Insurance Fraud

On Monday night, we went to the Opera House for a cocktail reception and operatic concert hosted by Sigal, Albania’s largest insurance company, in honor of its 10-year anniversary. The guest list included diplomats and business leaders; in fact, we got the Ambassador’s tickets, and so were seated in the “executive loggia”, which I have to assume was where Enver Hoxha and his ministers sat during Communist times. This was not a little strange.

For the first half hour after we were seated, we were treated to speeches and videos celebrating Sigal’s history and accomplishments. Certainly, they had the right to feel proud, but after about 15 minutes it began to feel overdone; fortunately, the presenter put away the microphone, the orchestra began to play, and then the singer took the stage. The program included Mozart, Puccini, and other works not listed in the program, but that was alright – the performance was very good – but half an hour into the music, the concert halted for another half hour of speeches and videos celebrating Sigal’s history and accomplishments. We then had 15 more minutes of music and it was over. (There might have been encores, but we were fed up at that point.) For those of you keeping score, that’s 1 hour of speeches, 45 minutes of music. As Abby put it, “Why blow all the goodwill that you created in offering the concert by wasting everyone’s night with speeches?”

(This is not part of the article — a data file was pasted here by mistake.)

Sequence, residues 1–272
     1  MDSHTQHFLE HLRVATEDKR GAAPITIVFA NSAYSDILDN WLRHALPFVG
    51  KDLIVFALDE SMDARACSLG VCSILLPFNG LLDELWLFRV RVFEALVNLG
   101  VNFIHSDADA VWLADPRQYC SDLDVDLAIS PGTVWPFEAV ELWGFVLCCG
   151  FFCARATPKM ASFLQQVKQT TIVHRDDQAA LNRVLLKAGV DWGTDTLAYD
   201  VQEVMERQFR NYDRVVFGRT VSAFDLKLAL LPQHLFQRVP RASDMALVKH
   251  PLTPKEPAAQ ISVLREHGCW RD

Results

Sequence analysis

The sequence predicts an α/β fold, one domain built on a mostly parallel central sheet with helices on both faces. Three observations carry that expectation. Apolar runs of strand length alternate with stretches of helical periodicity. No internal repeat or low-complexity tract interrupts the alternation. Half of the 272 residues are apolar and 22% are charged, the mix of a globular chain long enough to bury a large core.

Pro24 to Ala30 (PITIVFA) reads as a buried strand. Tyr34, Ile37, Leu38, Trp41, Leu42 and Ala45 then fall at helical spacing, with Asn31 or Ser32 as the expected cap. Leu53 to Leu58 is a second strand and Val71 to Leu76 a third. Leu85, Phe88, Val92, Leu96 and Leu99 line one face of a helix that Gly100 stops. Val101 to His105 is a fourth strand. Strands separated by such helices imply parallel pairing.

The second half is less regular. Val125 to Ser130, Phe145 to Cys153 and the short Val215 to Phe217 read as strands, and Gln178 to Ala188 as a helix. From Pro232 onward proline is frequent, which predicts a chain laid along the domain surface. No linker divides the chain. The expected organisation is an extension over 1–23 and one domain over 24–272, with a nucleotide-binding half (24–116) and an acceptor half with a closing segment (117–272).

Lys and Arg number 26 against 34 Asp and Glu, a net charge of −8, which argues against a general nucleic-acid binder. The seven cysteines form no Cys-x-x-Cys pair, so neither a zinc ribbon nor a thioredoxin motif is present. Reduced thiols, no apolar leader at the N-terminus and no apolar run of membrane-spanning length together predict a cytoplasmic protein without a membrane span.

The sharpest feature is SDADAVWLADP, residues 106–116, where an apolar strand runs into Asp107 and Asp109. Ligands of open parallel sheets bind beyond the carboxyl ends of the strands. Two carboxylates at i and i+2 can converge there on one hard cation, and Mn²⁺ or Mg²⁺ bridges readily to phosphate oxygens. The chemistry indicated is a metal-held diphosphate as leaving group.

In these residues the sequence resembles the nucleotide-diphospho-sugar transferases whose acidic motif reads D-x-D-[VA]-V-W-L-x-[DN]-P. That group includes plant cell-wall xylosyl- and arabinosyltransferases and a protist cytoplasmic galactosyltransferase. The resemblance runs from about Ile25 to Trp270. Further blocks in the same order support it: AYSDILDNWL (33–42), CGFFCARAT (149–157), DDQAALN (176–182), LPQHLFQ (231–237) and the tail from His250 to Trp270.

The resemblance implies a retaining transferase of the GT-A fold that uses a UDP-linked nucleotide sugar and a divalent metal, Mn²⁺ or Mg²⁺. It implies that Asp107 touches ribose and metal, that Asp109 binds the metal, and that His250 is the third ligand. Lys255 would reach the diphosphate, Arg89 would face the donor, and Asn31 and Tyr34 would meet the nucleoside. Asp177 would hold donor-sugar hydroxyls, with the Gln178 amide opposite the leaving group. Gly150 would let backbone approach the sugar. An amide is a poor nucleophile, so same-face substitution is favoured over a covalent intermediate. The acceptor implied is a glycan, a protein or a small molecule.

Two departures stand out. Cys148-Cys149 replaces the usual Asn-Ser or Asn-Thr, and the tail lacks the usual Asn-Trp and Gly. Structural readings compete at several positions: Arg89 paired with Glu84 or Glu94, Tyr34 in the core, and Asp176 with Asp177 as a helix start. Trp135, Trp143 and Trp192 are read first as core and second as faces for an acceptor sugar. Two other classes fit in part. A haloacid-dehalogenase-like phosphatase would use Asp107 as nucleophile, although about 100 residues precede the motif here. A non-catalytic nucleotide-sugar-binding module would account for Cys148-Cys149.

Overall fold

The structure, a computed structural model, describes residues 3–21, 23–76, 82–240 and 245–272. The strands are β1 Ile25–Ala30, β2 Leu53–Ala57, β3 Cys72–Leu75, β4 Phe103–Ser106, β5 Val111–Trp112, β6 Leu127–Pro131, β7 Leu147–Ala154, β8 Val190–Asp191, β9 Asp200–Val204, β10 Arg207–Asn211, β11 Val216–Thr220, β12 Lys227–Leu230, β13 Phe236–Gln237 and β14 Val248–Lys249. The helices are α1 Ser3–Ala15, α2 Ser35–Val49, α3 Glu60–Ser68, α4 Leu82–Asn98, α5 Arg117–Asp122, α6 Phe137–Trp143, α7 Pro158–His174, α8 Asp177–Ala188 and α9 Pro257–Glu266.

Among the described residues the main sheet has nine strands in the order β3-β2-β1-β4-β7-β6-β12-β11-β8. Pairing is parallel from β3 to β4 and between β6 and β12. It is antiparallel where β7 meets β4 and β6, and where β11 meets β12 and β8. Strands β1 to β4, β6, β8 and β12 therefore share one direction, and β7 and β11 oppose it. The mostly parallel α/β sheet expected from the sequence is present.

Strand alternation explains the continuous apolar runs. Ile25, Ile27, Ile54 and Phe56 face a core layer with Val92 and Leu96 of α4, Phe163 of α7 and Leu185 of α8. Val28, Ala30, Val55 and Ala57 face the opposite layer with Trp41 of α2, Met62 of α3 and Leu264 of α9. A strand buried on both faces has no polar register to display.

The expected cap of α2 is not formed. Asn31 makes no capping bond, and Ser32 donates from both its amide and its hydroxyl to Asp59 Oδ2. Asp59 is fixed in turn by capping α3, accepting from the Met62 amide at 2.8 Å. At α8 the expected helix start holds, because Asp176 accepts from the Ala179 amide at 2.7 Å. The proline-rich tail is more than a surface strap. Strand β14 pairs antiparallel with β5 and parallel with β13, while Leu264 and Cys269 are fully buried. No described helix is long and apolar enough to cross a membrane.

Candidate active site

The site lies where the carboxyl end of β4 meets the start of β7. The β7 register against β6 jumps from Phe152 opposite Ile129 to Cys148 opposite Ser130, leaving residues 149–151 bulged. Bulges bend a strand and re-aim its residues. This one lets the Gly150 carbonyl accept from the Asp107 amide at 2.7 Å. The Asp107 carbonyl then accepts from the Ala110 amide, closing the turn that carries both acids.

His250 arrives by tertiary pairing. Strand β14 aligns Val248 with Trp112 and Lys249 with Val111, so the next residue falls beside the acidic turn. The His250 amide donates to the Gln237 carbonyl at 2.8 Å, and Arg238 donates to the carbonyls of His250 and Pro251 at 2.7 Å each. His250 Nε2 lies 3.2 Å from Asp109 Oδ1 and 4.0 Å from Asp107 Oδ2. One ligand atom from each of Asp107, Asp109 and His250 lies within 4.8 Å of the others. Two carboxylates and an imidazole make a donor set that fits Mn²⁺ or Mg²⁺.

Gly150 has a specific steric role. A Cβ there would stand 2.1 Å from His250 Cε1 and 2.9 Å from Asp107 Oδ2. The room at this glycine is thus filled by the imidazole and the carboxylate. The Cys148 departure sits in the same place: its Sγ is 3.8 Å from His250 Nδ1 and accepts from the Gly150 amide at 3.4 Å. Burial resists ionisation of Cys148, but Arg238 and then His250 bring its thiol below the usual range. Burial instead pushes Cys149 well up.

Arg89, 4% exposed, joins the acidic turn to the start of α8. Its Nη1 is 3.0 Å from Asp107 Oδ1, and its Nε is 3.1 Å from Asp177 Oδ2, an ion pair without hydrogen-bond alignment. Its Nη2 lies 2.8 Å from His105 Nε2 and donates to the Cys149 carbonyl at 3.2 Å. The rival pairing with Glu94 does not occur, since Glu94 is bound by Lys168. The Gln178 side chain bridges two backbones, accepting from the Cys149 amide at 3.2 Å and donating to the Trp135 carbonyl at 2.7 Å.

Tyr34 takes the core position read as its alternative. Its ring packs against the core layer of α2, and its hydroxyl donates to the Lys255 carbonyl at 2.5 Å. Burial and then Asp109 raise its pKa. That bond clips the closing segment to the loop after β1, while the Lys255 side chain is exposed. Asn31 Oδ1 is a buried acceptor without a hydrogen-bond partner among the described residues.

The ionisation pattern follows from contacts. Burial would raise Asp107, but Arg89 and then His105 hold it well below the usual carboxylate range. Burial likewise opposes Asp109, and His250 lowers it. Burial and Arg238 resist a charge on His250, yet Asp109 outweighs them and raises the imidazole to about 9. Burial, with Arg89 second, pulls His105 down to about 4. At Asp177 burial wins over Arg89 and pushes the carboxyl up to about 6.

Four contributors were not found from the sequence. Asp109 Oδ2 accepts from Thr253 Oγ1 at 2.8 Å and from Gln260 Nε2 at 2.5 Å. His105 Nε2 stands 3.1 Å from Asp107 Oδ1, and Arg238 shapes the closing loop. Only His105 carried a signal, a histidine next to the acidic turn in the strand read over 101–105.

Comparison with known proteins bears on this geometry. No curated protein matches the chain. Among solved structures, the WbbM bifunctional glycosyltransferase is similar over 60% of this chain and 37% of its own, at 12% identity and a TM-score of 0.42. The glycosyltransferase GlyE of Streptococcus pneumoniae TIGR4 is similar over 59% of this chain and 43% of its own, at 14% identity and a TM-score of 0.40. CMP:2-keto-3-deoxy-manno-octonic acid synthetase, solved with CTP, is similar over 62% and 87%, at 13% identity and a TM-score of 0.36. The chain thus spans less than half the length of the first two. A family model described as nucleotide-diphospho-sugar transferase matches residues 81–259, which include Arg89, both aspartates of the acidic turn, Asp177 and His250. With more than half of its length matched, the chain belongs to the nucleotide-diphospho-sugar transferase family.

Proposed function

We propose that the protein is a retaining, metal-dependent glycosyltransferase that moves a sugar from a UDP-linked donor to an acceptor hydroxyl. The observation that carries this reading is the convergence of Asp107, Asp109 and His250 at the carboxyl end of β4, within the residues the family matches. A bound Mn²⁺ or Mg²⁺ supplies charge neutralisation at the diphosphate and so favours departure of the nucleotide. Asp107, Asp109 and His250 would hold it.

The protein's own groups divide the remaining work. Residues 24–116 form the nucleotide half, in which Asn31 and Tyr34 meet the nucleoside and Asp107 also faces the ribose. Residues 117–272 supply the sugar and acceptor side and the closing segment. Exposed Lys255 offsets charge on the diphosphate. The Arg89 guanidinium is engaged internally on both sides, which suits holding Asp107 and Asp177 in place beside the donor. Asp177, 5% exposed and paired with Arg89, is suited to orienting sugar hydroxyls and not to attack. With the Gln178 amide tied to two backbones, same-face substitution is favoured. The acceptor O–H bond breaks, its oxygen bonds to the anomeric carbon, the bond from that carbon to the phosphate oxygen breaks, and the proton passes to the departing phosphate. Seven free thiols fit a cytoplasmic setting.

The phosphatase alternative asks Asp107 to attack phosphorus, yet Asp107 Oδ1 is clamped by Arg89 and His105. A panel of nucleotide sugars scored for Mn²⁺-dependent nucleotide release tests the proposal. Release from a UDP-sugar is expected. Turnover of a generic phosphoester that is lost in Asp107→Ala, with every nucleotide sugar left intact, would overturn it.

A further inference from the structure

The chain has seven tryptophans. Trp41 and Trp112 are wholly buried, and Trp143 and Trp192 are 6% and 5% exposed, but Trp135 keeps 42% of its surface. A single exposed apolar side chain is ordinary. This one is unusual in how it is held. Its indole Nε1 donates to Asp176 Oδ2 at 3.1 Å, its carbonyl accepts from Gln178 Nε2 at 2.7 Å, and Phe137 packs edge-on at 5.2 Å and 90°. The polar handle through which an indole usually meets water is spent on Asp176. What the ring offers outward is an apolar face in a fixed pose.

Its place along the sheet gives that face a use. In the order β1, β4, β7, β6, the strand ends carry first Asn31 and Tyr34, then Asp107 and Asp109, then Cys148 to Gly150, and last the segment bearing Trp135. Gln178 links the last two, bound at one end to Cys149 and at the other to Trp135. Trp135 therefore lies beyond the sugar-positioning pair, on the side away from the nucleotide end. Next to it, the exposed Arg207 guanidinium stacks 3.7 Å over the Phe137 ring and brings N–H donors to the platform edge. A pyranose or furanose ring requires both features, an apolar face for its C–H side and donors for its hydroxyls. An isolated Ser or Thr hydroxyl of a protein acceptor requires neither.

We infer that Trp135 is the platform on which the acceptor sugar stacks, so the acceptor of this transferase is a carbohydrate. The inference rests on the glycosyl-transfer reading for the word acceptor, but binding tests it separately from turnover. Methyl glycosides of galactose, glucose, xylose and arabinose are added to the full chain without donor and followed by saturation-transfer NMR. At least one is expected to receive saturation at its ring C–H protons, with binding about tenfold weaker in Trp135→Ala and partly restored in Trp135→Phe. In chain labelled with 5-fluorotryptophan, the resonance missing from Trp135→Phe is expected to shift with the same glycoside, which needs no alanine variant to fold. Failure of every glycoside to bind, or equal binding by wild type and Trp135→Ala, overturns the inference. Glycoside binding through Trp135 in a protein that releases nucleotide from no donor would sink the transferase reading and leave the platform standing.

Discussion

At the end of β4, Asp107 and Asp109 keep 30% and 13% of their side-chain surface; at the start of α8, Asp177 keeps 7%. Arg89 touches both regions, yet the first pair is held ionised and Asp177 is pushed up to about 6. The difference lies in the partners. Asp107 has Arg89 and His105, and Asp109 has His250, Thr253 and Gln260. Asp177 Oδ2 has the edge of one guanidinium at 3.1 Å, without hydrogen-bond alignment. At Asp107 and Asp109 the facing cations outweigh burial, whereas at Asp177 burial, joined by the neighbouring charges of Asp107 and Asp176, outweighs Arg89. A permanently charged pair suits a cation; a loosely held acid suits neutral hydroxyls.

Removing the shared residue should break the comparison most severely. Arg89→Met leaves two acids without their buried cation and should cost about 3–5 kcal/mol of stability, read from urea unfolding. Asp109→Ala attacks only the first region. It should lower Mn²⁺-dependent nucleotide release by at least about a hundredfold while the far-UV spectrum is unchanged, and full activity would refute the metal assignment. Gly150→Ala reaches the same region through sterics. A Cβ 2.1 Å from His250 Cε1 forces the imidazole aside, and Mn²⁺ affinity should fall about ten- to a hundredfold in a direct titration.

Back from Florida

The title being as it is because I was in Florida during the last week of January for a photography course at the Palm Beach Photographic Centre. I attended about 20 seminars, workshops and photo shoots led by leading photographers and photo editors, learning everything from the (very) basics of the photojournalism business to lighting techniques to Photoshop. It was fascinating and exhausting, and I learned how much I have to learn. Just the nuts and bolts of digital printing left my mind boggled.

The photos below are some of the pictures I took during the first photo shoot on Tuesday, in Miami’s Little Havana. We strolled Calle Ocho looking at stores, the domino players’ park, and the cigar factories. We had great opportunities for portrait-taking, but I was also fascinated by the untouristed end of the street that showed a more isolated community than the one we’d gone to see.

One of the things that most impressed me is how photography is now about technology – Photoshop, the right printer, the right scanner. One of the photographer/instructors who most made an impression on me was Ben Willmore, whose work you can see at This isn’t the type of work I’d necessarily do – I’m still a fan of black & white film – but after his demonstration I could see how this fits into the photography lexicon (and I broke down and bought Photoshop). For example, by manipulating color, shadow, detail and contrast, you can direct the eye toward what you want people to see – in this case, toward the hand and the standing dominos, and away from the watch or the dominos in the corner. (At least, that’s what I hope I’m doing.)